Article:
This demo showcases the functional and tonal capabilities of the Palladium Gain Stage Pedal paired with the PowerStage 700 when running direct. Palladium Gain Stage Pedal: Palladium is a high gain pre-amp pedal that captures the authentic tone and feel of history’s favorite high gain tube amps. Palladium features three gain stages: a gain stage…
In this article I’ll take you through the various things you’ll need to know about soldering to work on your guitar. You’ll need to know how to protect your guitar, how to solder to lugs, how to de-solder wires, how to clean contacts,and how to solder to the back of a pot. But first, lets make sure we’ve got the right equipment.
Whether you love or hate the song or band, you hear two second (if that) of the bassline and immediately know what song it is, and who’s playing it. And usually, if you go into Guitar Center, there’s a really good chance you’ll hear someone play one of these lines, albeit badly. And if you’re…
Over the years there have been many modifications to the electric and acoustic guitar. One of the more radical ones is the use of a scalloped fingerboard. This is an irreversible modification that ‘scoops out’ the wood between the frets (see pictures). This article will explain exactly why someone might do this, the benefits and drawbacks of scalloping and why this became popular in electric guitar playing.
It isn’t fun to get stuck in a rut. Sometimes you can chase the musical muse down the metaphorical rabbit hole and get wedged in there, unable to back out or to go any deeper. It can feel pretty frustrating, and at a certain point a rut can discourage you from playing altogether. Or maybe you’re not in a rut: maybe you just want to get better, and fast. Either way, the trick to technical transcendence is often found in how you approach the guitar from a philosophical rather than physical point of view. We’ve compiled 25 tricks that will help you to up your skill level, whether you’re stuck in a rut or if you just want to bolt a new dimension or two onto your playing.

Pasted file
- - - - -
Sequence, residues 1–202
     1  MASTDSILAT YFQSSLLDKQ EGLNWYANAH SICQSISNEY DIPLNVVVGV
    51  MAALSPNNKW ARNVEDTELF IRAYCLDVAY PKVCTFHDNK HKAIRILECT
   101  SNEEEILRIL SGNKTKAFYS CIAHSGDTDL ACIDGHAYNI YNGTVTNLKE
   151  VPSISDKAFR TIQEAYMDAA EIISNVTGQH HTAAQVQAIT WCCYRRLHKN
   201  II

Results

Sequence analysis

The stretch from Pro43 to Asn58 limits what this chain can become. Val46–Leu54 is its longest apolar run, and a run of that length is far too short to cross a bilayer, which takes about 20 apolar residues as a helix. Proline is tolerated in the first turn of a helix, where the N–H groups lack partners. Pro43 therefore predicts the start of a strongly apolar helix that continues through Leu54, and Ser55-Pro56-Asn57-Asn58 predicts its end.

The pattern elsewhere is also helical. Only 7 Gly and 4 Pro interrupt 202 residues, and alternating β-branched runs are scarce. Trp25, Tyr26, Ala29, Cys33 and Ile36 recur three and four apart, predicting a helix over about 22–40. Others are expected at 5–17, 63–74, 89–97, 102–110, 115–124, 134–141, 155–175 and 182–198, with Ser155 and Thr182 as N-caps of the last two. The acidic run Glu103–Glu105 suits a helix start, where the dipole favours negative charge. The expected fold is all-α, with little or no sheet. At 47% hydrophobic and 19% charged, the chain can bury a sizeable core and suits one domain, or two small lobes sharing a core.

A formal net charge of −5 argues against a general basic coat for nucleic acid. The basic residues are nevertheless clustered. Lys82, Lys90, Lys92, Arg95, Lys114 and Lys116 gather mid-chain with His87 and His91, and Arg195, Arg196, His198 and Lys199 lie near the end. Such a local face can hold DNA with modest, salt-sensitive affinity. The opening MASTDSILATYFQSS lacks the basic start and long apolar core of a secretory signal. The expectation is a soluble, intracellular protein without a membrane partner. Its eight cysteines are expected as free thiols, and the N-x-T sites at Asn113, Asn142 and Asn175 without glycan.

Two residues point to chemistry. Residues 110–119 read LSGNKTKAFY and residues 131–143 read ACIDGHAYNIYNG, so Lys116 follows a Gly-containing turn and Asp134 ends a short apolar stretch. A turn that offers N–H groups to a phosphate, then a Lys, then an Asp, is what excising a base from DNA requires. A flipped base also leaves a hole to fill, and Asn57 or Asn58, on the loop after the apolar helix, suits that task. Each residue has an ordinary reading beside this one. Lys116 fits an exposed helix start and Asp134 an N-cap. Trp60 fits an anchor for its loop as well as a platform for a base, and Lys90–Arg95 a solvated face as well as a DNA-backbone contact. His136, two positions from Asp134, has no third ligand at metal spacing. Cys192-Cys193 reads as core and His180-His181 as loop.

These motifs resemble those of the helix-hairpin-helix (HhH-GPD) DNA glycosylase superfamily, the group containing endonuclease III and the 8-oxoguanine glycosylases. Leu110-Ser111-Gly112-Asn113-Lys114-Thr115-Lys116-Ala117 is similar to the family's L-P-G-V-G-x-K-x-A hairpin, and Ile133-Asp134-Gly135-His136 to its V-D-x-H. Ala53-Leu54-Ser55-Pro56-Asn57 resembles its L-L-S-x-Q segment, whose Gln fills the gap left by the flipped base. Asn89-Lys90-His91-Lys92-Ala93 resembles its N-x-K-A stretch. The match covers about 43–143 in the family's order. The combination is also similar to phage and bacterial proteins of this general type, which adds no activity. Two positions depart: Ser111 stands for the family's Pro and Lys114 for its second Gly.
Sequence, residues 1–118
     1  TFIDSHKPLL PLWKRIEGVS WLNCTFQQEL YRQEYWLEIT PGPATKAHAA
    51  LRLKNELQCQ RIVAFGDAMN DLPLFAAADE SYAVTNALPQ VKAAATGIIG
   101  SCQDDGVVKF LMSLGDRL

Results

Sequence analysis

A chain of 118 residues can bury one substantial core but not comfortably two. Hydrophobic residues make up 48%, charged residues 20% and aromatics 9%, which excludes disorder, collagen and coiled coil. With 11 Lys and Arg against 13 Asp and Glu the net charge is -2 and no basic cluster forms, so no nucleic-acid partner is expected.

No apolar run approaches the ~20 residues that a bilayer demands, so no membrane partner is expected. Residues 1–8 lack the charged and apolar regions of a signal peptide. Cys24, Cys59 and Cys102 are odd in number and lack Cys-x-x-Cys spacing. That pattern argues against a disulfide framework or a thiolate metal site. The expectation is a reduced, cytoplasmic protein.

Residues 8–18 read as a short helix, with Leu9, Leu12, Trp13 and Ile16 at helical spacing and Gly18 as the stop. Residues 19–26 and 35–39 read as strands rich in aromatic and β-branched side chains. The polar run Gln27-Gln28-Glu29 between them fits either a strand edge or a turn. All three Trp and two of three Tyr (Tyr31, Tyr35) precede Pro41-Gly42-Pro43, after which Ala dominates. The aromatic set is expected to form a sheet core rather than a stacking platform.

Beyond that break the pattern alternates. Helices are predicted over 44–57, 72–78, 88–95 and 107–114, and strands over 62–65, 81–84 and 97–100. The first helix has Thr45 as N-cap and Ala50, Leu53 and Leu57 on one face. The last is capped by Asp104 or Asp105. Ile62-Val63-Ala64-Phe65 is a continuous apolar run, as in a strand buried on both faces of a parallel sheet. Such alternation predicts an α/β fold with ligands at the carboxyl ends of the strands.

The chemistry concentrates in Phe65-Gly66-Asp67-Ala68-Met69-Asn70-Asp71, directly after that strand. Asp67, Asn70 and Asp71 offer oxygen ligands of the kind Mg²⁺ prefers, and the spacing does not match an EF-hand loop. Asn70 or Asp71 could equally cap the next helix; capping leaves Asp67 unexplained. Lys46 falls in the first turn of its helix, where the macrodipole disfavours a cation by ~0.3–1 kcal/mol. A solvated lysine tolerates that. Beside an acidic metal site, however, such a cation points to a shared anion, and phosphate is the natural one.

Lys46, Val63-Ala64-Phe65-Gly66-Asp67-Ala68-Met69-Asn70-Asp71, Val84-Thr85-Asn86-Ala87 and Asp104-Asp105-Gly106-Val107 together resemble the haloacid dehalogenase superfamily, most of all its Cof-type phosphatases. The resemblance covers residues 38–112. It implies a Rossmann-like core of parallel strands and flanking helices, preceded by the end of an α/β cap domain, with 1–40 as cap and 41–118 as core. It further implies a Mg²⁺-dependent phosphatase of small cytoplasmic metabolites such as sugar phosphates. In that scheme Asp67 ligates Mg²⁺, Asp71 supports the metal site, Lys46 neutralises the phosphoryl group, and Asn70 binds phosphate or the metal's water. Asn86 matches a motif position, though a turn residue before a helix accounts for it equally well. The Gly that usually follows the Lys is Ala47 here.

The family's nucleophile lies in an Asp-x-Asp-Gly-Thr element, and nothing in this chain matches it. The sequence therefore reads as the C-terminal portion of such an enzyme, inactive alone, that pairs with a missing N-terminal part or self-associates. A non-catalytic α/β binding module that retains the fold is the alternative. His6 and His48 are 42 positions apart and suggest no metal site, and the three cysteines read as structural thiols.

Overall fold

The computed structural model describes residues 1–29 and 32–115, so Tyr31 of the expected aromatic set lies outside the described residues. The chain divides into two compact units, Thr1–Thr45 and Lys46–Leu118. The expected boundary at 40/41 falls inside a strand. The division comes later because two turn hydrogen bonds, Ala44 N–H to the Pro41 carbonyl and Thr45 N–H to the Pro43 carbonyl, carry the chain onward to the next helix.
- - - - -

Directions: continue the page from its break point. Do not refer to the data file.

We surveyed the Seymour Duncan Facebook audience to find out what ranked as their top guitar solos of all time. Here’s how the Top 10 broke down.
Although I consider it my duty as a guitarist to own a Strat, Tele and Les Paul (and some day an ES-335 please, Santa), I have plenty of experience with all sorts of Ibanez guitars and all sorts of Seymour Duncan pickups. So I thought it might be fun to share some of what I’ve found.
Guitarists spend endlessly debating about guitar bridges: which Floyd is better, Kahler vs. Floyd, Floyd vs. Strat, trem vs. stoptail. There might not be as much paid attention to the other end of the guitar. The headstock is the first place many guitarists look when they see another guitarist playing, and the shape is the highly-protected trademark of most guitar companies. The headstock contains one of the most important parts of the guitar: the tuners. Because no one will notice how much you paid for that RockStar LesOCaster with the perfect flames (and skull inlays, dude) if you aren’t staying in tune. This article will explain some of the differences between traditional tuners and the benefits of choosing one over the other.
If you’re anything like me, you have felt the pain of playing the guitar. I’m not talking about the blues, or the pain caused by being smacked by the singer; I’m talking about pain and tension in your muscles and joints. We guitarists put our hands through a lot of punishment. Bending strings, holding barre chords, rapid-fire picking – it all adds up, and none of it is good for your muscles or joints. When your hands are aching or your shoulders are locking up, your performance suffers. Worst of all, you might be doing long term damage.
Once upon a time, in my first job upon landing in Los Angeles, a co-worker once randomly asked “Do you like the Cult?” “Sure!” I replied, having seen them on the Sonic Temple tour not long before relocating. “My favorite song of theirs is ‘Party Woman’!” he exclaimed. “What?” I was momentarily confused. “What are…